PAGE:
Post Mortem (2020)
Director (and co-writer): Peter Bergendy
Cast: Viktor Klem, Fruzsina Hais, Judit Schell, Andrea Ladanyi, Zsolt Anger
A post mortem photographer and a little girl confront ghosts in a haunted village after the First World War. – IMDB
This year’s Toronto After Dark is definitely new experiences coming one after another. Post Mortem is a Hungary horror film. Being someone who hasn’t seen a Hungary film before, this is a completely new territory to explore. Horror movies especially revolving ghosts and hauntings are the creepiest types of horror in my personal opinion so this one was right up my alley.
Port Mortem is set during the times of World War I and after that and the Spanish Flu and centred around a photographer Tomas (Viktor Klem) that has survived a near death experience during the war to come out afterwards selling his craft as a post mortem photography. A little girl Anna (Fruzsina Hais) shows up one day from a neighboring village and asks him to help with her own town’s hauntings. Packed with part skepticism and curiosity, he goes to the town as weird things start happening as he helps the recently deceased and their families with their post mortem photographs.
The story overall is pretty good. The whole investigation and a stranger going into a small village brings in a lot of suspense as he is discovering what’s going on along with the audience. Plus, ghost stories are rather appealing overall especially when it involves hauntings where this one is executed rather well in terms of plot. The film does almost reach 2 hours in length so in the middle it does seem to drag out a little. The setting and time period adds a certain level of atmosphere which makes almost like a gray filter over the screen and adds a very gloomy feeling.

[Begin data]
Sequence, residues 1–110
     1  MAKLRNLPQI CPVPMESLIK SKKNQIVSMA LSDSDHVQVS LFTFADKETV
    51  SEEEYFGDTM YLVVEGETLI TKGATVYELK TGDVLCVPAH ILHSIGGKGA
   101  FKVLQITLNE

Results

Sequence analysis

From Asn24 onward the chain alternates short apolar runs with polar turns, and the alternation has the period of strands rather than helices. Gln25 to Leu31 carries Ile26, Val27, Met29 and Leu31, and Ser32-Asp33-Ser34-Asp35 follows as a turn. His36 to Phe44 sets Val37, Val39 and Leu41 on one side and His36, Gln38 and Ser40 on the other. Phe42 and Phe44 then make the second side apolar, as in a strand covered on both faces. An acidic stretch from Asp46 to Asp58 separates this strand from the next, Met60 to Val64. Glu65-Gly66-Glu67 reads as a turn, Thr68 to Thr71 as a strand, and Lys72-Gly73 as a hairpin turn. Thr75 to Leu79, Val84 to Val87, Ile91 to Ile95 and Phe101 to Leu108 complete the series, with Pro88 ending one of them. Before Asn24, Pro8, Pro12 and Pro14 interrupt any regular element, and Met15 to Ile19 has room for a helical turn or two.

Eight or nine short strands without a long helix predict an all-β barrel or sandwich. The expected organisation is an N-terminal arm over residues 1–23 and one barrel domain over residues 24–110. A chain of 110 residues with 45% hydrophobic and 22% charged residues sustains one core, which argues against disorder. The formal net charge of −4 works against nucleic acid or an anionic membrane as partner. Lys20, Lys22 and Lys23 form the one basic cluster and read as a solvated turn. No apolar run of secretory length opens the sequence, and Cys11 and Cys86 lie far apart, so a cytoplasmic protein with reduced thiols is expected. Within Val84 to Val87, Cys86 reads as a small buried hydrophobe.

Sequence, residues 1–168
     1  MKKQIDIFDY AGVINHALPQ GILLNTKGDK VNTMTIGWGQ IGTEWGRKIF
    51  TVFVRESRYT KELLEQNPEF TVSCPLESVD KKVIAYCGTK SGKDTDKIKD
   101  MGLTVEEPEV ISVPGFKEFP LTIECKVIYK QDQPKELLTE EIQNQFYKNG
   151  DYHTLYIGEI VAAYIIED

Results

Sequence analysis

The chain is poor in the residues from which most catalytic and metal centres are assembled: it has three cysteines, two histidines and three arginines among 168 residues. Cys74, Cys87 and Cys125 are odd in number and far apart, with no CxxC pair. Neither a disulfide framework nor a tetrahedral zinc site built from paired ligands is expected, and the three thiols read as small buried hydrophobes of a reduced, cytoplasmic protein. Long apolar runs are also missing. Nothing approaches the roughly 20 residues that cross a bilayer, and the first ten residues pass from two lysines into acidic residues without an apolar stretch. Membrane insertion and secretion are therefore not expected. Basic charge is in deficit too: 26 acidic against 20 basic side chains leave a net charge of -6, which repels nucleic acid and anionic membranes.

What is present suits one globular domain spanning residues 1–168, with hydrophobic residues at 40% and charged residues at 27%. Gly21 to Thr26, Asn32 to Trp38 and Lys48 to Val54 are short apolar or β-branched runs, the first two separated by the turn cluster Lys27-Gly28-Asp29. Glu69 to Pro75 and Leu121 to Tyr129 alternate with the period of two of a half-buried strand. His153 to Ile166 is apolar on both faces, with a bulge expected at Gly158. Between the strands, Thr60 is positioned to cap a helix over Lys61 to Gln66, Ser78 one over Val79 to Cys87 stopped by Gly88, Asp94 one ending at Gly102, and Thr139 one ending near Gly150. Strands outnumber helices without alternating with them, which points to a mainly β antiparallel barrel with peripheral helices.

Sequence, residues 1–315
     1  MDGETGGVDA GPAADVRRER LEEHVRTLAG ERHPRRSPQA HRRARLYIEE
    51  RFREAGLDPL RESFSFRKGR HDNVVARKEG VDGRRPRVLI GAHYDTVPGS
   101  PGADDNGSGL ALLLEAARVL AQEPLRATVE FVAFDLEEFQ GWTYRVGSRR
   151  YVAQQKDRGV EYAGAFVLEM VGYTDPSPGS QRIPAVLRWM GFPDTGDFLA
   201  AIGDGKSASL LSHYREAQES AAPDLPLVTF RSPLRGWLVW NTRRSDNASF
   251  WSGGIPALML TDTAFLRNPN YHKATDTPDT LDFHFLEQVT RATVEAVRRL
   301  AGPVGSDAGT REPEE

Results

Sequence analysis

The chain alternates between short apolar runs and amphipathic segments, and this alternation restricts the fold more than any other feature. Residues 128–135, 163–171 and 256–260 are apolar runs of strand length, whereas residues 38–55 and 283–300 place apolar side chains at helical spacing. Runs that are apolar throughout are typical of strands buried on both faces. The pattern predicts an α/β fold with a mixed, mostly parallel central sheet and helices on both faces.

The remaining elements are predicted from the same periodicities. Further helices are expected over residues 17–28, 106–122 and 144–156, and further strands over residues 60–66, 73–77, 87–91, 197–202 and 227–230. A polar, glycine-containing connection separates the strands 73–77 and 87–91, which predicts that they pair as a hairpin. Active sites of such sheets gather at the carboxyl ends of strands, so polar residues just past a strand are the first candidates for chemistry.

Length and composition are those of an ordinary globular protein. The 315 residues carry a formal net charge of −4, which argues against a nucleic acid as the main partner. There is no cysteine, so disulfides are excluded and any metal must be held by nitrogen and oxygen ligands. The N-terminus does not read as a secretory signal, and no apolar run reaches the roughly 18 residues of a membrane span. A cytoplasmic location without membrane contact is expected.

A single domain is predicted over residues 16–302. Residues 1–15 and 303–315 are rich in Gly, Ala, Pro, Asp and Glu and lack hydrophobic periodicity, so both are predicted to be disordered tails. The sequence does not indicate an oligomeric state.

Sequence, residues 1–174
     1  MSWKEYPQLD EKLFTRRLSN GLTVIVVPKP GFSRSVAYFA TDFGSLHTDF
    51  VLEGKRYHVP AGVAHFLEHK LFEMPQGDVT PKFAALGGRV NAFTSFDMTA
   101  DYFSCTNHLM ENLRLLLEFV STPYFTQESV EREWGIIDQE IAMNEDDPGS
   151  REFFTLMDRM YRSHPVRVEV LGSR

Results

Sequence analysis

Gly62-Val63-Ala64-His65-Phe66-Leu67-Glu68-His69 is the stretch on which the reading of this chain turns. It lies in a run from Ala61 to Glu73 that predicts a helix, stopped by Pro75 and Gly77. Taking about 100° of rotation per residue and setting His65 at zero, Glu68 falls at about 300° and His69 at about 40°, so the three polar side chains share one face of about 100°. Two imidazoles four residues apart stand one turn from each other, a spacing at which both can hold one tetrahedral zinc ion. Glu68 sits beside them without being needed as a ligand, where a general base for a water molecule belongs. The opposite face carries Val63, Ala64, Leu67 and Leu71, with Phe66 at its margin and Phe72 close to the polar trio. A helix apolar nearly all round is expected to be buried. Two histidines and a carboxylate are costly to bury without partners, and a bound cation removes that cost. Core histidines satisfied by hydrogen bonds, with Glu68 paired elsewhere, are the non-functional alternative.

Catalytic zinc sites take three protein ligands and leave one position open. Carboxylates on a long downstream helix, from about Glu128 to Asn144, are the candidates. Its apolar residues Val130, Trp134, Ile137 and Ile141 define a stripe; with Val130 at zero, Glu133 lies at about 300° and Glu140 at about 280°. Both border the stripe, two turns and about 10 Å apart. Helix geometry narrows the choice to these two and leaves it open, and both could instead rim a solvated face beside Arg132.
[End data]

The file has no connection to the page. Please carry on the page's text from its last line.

The idea of post mortem photographs in itself is a pretty creepy thing in general. A lot of the unsettling horror moments do involve the actual post mortem photography as Tomas sets up his shots and works with the different bodies. A lot of unexplained things happen creating some great scary and unsettling moments. There are also other rather mysterious and sinister things that happen creating a good part of the horror and bringing in the ghost element a little bit more as Tomas and Anna try to find out why this is happening and what it wants. Some other horror elements include some possession going on which has a rather scary sequence with a little boy involved at one point while in contrast, there’s a part in the final act which sees a lot of people being pulled up levitating in the air that feels a little overdone.
In terms of characters, its main focus is on Tomas and Anna who are really good characters overall. They do have their own little stories through conversations which shed some light on the village itself. At the same time, there is a deeper meaning to Tomas for agreeing to do this for an unknown little girl which also builds up on their dynamic as they investigate together. The older character and the younger girl does have this protective element to it especially putting in contrast their reactions to the scary events happening. I’d like to say that Anna, played by Fruzsina Hais is absolutely fantastic. She is such a charming character despite her age.
Overall, Post Mortem is a pretty effective ghost haunting horror film. There are some moments which feel a little stretched out and some horror elements feel a tad overused losing its effect and actually having an oddly comedic feeling to it. However, its core element of photography and recording technology in that time and era is incorporated well, much like using the post mortem photography as an effective horror element. Its definitely one worth checking out!\
*Post Mortem is currently available from October 13th to 17th on Toronto After Dark Film Festival’s virtual platform. You can find all the info HERE!*
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